Experimentation and collaboration are two ingredients in Johnsonville’s recipe for success. If an employee comes up with a fresh idea, leaders often praise their insight and give them a budget to go explore it. This creates an atmosphere where every employee feels capable of grinding out fresh ideas, Bouck said.
To earn the leeway to try new things, it’s important for organizational development and learning teams to know where they can afford to experiment, said Bob Mosher, Apply Synergies’ chief learning evangelist and Chief Learning Officer columnist. A critical skills analysis is one way to determine the areas where a more laid-back approach can work or where strict control is necessary. Learning leaders have to let go of things that are not critical, he explained. They can still provide help systems, but teach employees how to use them and let them go on their own.
One type of critical skills analysis ranks employee performance tasks on a scale from one to seven. Lower numbers indicate tasks that, if not performed well, will not have dire consequences for the company. The higher numbers indicate “life or death” tasks that are hugely important to company success and security, Mosher said. Using a metric like this can help learning leaders determine which tasks to fuss over and what not to stress about.
E-learning is another medium that bolsters employees’ capability to learn on their own. Johnsonville employees go through online training seminars that focus on soft skills such as communication, problem-solving, accountability and how to deal with behavioral issues that might arise.
Although technology is more prevalent in the workplace, it is important to know how to use it. Otherwise, those resources will go to waste. “It starts with us being able to understand the environment and performance needs and performance gaps that exist within the organization,” Mosher said.
Incorporating self-learning tools such as e-learning into the workday is important for them to be effective, Mosher said. Workers may believe these tools take them away from their work, which makes them unwilling to use them. “So many of the learning assets we build are perceived as extras,” he said. “If we build support assets that are seen as intrinsic to the workflow, the learner consumes it readily.”
Put the ‘I’ in Team
From top to bottom, Johnsonville employees and executives are required to complete monthly “personal development commitments,” which outline areas each employee would like to improve. Every month, employees need to report on the steps they took to fulfill those goals. Every personal development commitment is available on the company’s intranet, so everyone is held to the same standard of accountability, Bouck said.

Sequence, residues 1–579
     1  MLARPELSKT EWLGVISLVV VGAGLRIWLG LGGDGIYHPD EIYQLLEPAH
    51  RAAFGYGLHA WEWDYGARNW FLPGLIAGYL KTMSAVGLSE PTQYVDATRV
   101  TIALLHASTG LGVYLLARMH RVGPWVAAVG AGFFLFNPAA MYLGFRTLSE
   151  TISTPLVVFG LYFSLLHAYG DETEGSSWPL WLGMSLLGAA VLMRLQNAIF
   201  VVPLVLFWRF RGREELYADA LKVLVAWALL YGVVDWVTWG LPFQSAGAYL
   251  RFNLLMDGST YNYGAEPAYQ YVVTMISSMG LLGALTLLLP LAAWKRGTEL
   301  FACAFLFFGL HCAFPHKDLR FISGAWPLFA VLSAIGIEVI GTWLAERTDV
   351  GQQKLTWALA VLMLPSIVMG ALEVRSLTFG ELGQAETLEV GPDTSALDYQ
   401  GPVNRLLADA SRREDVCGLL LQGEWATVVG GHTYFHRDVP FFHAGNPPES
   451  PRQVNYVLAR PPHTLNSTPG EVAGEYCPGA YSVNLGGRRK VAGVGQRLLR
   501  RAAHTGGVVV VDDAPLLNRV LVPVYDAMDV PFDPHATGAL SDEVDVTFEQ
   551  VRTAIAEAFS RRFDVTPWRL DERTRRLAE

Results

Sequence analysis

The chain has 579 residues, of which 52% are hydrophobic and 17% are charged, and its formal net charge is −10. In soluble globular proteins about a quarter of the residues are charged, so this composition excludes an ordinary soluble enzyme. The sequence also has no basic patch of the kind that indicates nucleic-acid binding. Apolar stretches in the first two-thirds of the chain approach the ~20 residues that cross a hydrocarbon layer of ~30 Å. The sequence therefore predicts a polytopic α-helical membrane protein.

Similarly, at PwC, Evans stressed “honest, open and frequent feedback” between him and his team to cultivate a culture of accountability.
While a team-based approach might be ideal for organizational learning, it isn’t always practical. There are a few key signs that executive action is necessary. For instance, deadline-oriented or high-risk tasks are not the time to solicit opinions, Evans said. It is also important for learning leaders to exert control whenever a company is trying to adjust its business strategy or is instituting a paradigm shift. It is critical for the learning function to remain in tune with changing business objectives, and having self-assured learning leaders is important to make this a smooth transition.
“You want to ground your team in your vision and what you want to achieve, but encourage them to participate in the ideation and problem-solving that will be necessary to get there,” Evans said.
Onboarding is one area where learning leaders should exercise tighter control because of its effect on company culture and workplace efficiency, Mosher said. He said acclimating new employees to company expectations needs to go beyond PowerPoint presentations and executive lectures to emphasize a new employee’s professional development path, their role within the organization and how that role will help the business achieve its goals. “So much happens and starts there for the success of the organization,” he said.
Even seasoned learning leaders will run into problems or employees who don’t agree with their management style, so it’s crucial to know how to deal with workplace issues. To solve most problems, it all comes back to listening. It’s difficult to mitigate every workplace issue with a single leadership style, so learning to adapt is essential for senior-level leaders, Evans said. “Trust is a big factor,” he said. “You have to always be able to demonstrate the importance of empathy, demonstrate the ability to listen and be interested in what’s going on.”
Regardless of the approach a leader decides to take, gaining an understanding of the learning tools at a leader’s disposal is essential to determine how to manage most effectively, Mosher said. “With all of the technology that has emerged, the toolkit is richer than it has ever been,” he said. “But I think it’s one we don’t understand well enough.”
Joe Dixon was a Chief Learning Officer editorial intern. To comment, email firstname.lastname@example.org